Nutrition by color: Why eat the rainbow
I like to think of food in terms of what we’re getting when we eat that food, rather than what we’re avoiding, and one of the easiest ways to make sure we’re getting the molecules we need to thrive is to eat the rainbow. This is because different phytochemicals (cell protecting compounds) in plants give them their distinct colors (as well as smells and tastes). Not only does this make food more beautiful and satisfying, but the phytochemicals play unique roles in the human body for disease prevention, so it’s wise to take in as many of them as possible. Here’s a list of some of the the most important phytochemicals to eat, and the colors that identify them:
Red: Lycopene, a powerful antioxidant and anti-inflammatory¹, great for cardiovascular health²
Examples: red apples, beets, red cabbage, cherries, cranberries, pink grapefruit, red grapes, red peppers, pomegranates, red potatoes, radishes, raspberries, rhubarb, strawberries, tomatoes, watermelon.
Yellow/Orange: beta-carotene (a precursor for Vitamin A), important for immune function and vision³
Examples: Yellow apples, apricots, butternut squash, cantaloupe, carrots, mangoes, nectarines, oranges, papayas, peaches, pears, yellow peppers, persimmons, pineapple, pumpkin, rutabagas, yellow summer or winter squash, sweet corn, sweet potatoes, tangerines, yellow tomatoes, yellow watermelon, lemons
Note: Curcumin, which gives turmeric root its yellow color, is a superstar anti-inflammatory that protects against heart disease, Alzheimer’s and cancer, as well as depression, arthritis and IBD (inflammatory bowel disease)⁴. Pro tip: add black pepper to recipes including curcumin (like our Turmeric Carrot Soup below) to increase curcumin absorption by 2000%⁵.
Green: chlorophyll, a detoxifying and cancer-fighting compound⁶ ⁷ ⁸, and lutein, great for eye health.⁹
Examples: Green apples, artichokes, asparagus, avocados, kale, green beans, broccoli, brussels sprouts, green cabbage, cucumbers, green grapes, honeydew melon, kiwi, lettuce, limes, green onions, peas, green pepper, spinach, zucchini, pistachios, bok choy
Blue / purple: anthocyanin, a potent antioxidant and antimicrobial, anti-obesity, anti-diabetic¹⁰
Examples: Blackberries, blueberries, eggplant, figs, plums, prunes, purple grapes, purple cabbage
White: anthoxanthins, antioxidants that improve brain health and reduce the risk of Alzheimer’s disease¹¹ and allicin, great for lowering cholesterol and blood pressure and preventing heart disease¹².
Examples: Bananas, cauliflower, garlic, ginger, jicama, mushrooms, onions, parsnips, potatoes, turnips
Note: Isothiocyanates, found in cruciferous vegetables of all colors, are powerful anticarcinogens that prevent tumor growth¹³
Examples: broccoli, watercress, Brussels sprouts, cabbage, Japanese radish, turnips, rutabagas, cauliflower
The beauty of eating the rainbow, of course, is that you don’t need to remember all these hard-to-pronounce compounds or their effects. Quite literally, you can peruse the farmer’s market or produce aisle and think to yourself, I haven’t had any purple this week, and pick up some blueberries or cabbage to remedy that situation. Better yet, build yourself a beautiful crudite platter to go with our beet hummus recipe below. Happy eating!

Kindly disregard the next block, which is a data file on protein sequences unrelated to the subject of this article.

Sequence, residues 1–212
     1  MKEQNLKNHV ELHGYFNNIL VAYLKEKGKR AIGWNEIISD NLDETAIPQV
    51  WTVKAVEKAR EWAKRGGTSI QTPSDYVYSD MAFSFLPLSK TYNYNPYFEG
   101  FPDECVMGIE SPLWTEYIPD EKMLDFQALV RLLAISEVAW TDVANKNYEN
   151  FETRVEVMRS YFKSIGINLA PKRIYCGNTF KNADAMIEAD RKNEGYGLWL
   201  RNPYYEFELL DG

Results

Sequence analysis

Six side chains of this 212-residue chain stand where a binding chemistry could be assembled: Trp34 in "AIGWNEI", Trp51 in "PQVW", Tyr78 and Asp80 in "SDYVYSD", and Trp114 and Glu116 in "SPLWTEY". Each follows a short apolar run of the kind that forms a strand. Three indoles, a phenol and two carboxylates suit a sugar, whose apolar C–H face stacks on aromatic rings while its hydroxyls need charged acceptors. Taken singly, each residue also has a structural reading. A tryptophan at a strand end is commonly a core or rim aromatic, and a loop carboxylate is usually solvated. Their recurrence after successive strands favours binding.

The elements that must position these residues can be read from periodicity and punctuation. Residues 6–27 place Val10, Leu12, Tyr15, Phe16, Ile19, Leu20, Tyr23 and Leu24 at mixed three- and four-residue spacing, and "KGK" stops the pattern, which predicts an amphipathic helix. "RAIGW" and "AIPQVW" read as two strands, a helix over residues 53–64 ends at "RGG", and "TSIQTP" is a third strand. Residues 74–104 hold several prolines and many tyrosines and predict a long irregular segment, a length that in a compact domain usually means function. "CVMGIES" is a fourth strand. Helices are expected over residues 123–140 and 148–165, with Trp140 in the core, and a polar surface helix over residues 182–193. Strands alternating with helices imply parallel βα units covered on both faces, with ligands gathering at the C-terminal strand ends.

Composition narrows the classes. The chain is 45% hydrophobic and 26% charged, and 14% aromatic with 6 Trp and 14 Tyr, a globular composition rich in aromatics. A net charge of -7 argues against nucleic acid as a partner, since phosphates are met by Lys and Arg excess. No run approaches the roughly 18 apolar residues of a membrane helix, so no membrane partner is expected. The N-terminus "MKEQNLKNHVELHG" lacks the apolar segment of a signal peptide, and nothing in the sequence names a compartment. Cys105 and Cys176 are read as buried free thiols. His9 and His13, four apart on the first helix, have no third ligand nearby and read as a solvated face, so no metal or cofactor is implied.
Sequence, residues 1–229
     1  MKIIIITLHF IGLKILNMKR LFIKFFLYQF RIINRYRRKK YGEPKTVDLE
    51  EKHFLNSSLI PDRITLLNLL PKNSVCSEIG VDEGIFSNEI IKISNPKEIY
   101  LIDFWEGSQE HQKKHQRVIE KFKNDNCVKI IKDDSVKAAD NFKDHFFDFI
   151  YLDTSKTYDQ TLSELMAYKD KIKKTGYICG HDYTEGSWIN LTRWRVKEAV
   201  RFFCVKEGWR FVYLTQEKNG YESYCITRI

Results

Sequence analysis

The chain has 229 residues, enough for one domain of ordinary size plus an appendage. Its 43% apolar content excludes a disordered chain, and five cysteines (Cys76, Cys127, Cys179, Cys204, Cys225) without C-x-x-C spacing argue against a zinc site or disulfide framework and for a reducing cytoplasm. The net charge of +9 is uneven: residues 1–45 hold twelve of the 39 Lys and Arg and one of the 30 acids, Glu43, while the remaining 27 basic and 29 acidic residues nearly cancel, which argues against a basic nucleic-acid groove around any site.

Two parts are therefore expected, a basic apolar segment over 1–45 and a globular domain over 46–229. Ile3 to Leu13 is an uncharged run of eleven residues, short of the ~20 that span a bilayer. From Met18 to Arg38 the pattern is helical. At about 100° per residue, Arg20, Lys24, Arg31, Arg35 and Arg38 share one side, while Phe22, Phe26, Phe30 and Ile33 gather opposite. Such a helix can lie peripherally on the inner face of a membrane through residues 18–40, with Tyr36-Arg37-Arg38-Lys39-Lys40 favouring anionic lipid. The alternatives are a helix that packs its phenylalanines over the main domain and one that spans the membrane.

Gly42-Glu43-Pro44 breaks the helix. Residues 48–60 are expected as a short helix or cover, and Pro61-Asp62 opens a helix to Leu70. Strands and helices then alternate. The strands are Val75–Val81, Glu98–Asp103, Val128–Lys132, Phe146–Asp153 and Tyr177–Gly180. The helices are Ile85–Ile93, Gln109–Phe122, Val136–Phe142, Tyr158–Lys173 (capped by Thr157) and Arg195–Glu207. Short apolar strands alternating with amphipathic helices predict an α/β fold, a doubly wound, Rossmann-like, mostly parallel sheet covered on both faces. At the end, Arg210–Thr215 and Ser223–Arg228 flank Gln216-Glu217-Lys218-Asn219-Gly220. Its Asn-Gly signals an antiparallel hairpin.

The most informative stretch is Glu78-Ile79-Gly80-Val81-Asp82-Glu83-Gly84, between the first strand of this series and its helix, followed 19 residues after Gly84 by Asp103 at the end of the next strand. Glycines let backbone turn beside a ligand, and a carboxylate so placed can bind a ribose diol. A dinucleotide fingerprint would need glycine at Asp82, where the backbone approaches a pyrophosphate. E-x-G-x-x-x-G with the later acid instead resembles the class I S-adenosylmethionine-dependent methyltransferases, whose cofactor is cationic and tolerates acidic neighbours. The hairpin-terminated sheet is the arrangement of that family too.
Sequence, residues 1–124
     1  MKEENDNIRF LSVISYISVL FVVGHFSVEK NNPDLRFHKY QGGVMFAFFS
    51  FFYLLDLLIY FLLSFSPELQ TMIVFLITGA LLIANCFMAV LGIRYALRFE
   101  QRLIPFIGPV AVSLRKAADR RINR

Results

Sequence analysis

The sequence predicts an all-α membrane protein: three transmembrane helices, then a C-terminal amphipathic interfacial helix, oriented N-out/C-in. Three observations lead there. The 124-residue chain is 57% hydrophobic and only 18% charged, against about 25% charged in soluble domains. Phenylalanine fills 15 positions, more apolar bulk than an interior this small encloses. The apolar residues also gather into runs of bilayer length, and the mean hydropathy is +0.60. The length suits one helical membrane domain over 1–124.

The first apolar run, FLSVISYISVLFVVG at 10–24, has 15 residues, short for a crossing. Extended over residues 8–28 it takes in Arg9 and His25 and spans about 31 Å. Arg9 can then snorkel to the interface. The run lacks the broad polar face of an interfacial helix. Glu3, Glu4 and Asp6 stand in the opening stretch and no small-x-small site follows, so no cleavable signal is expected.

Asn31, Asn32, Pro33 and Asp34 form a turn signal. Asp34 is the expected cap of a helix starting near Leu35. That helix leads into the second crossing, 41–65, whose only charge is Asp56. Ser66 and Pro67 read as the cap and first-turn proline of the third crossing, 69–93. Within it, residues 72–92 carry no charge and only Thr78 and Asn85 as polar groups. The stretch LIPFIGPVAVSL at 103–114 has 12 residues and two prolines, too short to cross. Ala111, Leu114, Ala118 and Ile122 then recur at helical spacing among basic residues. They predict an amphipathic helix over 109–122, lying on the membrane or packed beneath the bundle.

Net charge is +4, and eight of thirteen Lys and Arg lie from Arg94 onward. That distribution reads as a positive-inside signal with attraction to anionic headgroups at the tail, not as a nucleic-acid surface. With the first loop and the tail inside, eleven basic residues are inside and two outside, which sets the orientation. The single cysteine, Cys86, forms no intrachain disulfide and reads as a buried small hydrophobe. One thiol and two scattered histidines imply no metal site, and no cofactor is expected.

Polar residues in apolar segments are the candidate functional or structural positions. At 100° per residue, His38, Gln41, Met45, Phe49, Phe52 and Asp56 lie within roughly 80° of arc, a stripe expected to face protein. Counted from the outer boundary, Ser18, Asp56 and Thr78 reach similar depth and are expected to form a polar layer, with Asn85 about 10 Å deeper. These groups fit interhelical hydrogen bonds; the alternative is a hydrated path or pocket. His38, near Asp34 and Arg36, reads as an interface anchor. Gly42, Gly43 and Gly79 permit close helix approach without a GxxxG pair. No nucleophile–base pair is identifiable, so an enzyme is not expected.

Farmer’s Market Crudite with Garlic Beet Hummus
Garlic Beet Hummus
¼ cup maple syrup
1 small red beet
4 garlic cloves
1 can of chickpeas
½ cup tahini
½ cup lemon juice
½ cup olive oil
Kosher Salt, to taste
Pepper, to taste
Baby bell peppers
1. To a food processor, add the drained chickpeas, chopped beet, garlic cloves, tahini, lemon juice, olive oil, salt, and pepper. Puree until smooth. Check for seasoning.
2. Serve with colorful fresh cut vegetables.
- Cassileth B. Lycopene. Oncology (Williston Park). 2010 Mar;24(3):296.
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3. Grune T, Lietz G Palou A. β-Carotene Is an Important Vitamin A Source for Humans. J Nutr. 2010 Dec; 140(12): 2268S–2285S.doi: 10.3945/jn.109.119024.
4. He Y, Yue Y, Zheng X, Zhang K, Chen S, Du Z. Curcumin, inflammation, and chronic diseases: how are they linked? Molecules. 2015 May 20;20(5):9183–213. doi: 10.3390/molecules20059183.
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7. Yun CH, Jeong HG, Jhoun JW, Guengerich FP. Non-specific inhibition of cytochrome P450 activities by chlorophyllin in human and rat liver microsomes. Carcinogenesis. 1995 Jun;16(6):1437–40.
8. Egner PA, Wang JB, Zhu YR et al. Chlorophyllin intervention reduces aflatoxin-DNA adducts in individuals at high risk for liver cancer. Proc Natl Acad Sci USA. 2001 Dec 4;98(25):14601–6. Epub 2001 Nov 27.
9. Buscemi S, Corleo D, Di Pace F, Petroni ML, Satriano A, Marchesini G. The Effect of Lutein on Eye and Extra-Eye Health. Nutrients. 2018 Sep; 10(9): 1321. doi: 10.3390/nu10091321
10. Khoo HE, Azlan A, Tang ST, Lim SM. Anthocyanidins and anthocyanins: colored pigments as food, pharmaceutical ingredients, and the potential health benefits. Food Nutr Res. 2017; 61(1): 1361779. doi: 10.1080/16546628.2017.1361779
11. Pate KM, Rogers M, Reed JW, van der Munnik N, Vance SZ, Moss MA. Anthoxanthin Polyphenols Attenuate Aβ Oligomer-induced Neuronal Responses Associated with Alzheimer’s Disease. CNS Neurosci Ther. 2017 Feb;23(2):135–144. doi: 10.1111/cns.12659.
12. Bayan L, Koulivand PH, Gorji A. Garlic: a review of potential therapeutic effects. Avicenna J Phytomed. 2014 Jan-Feb; 4(1): 1–14.
13. Wu X, Zhou Q, Xu K. Are isothiocyanates potential anti-cancer drugs? Acta Pharmacol Sin. 2009 May; 30(5): 501–512. doi:10.1038/aps.2009.50.